The Repair Shop was watched by 6.7 million people in 2020 and now occupies a prime time BBC1 slot. It's presenter, Jay Blades, is a modern furniture restorer, up-cycler and eco designer, however his cheery, sympathetic demeanour masks an upbringing full of challenges. In this event, he will be talking to Multi Award-Winning Artist and Producer Dawinder Bansal, about his moving memoir, Making It, which outlines an adolescence marked by violent racism at secondary school and brutalisation by the police. He will be sharing these experiences among others, and his inspiring journey, supported by community, from a council estate in Hackney to his success in a TV programme that has been a highlight of our Lockdown TV viewing.

About the guest - Jay Blades

Jay is the face of BBC1's The Repair Shop and Money for Nothing. He also co-presents Jay and Dom's Home Fix.

Though a recognisable face across much of the country today, Jay grew up a struggling young man in eighties East End London. His dyslexia proved severely challenging throughout his education, in addition to bullying and police brutality. He eventually became an upholsterer, fixing furniture and other complex household objects, and so cultivating the skills that would later secure him the role of welcoming people into the BBC’s repair workshop.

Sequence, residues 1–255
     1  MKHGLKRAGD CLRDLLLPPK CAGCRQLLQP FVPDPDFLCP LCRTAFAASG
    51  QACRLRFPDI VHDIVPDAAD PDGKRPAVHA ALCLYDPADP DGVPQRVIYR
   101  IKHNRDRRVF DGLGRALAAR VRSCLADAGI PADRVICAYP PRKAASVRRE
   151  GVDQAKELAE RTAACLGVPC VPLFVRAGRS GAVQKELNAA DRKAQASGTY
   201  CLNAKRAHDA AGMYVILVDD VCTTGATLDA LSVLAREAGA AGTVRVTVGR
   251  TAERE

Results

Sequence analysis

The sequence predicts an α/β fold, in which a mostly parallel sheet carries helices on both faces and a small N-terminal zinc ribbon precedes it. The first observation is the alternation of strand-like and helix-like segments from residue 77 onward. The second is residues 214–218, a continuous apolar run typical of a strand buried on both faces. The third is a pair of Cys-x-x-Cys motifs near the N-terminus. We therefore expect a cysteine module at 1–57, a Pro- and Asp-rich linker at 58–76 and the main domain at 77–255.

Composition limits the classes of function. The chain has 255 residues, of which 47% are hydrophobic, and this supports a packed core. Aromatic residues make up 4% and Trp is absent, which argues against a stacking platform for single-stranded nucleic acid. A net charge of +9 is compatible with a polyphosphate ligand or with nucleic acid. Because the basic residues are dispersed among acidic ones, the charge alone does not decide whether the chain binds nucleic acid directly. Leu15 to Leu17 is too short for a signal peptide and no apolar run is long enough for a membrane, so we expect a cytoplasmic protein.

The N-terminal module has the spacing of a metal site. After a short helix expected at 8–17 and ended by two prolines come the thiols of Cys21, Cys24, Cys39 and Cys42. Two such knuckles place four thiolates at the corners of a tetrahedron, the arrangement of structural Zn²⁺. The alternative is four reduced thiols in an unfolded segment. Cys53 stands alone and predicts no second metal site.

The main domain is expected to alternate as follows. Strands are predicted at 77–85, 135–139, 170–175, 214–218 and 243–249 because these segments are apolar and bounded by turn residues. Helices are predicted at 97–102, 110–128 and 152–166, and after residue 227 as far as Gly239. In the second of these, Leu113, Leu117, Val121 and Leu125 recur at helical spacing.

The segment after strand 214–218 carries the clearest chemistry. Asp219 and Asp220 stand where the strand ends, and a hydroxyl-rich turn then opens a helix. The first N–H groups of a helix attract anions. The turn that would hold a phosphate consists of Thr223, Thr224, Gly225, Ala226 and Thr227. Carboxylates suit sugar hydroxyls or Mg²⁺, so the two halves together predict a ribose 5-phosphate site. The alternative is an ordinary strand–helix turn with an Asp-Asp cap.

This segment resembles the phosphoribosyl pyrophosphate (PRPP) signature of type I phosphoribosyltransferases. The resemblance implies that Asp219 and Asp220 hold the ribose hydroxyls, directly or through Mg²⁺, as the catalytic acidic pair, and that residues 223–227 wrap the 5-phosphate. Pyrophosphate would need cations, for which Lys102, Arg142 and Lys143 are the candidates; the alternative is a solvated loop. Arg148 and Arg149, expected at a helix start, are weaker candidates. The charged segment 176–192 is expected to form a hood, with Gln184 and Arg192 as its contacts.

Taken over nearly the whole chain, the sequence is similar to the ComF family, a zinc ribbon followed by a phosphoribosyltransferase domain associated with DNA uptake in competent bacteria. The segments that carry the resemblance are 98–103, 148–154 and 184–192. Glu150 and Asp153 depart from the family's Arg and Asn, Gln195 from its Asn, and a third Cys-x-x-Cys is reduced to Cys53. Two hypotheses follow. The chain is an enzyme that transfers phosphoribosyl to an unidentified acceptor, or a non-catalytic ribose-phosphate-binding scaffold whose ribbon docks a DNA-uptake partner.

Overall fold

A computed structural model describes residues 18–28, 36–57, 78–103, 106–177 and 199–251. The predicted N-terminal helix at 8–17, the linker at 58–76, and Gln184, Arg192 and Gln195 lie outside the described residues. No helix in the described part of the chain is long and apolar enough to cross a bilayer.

Five years ago, however, at the age of 40, Jay was homeless, and living out of his car. He talks about community, the importance of making and fixing things, resilience, and the art of asking for help in a society that pressures men to cope alone. His autobiography is called Making It: How Love, Kindness and Community Helped Me Repair My Life.

About the Interviewer - Dawinder Bansal

Dawinder Bansal is an award-winning British artist and producer who was born and raised in Wolverhampton. She creates and shares stories using theatre, film and immersive art installations. Fascinated by people’s lived experience and their stories, her work is informed by her cultural heritage as well as contemporary stories. Dawinder unearths hidden stories to entertain, inspire and subtly provoke audiences to rethink people’s experiences, both the commonalities and the differences.

In 2017 Dawinder re-created her family’s Indian Kenyan living room and shop in an evocative art installation at Wolverhampton Art Gallery, Jambo Cinema was subsequently shown at New Art Exchange, Nottingham and a specially commissioned film was screened by Barbican Centre for Leytonstone Loves Film Festival and the BFI Film Festival. Dawinder will bring the installation back home to Wolverhampton as part of British Art Show 9’s off site programme, commissioned by Creative Black Country, which will be located in the Mander Centre from January – April 2022.

To find out more about Dawinder’s work, visit

Date: 5 February

Time: 1pm

Venue: Light House WV1 1HT

Price: £12 + Booking Fee

Book here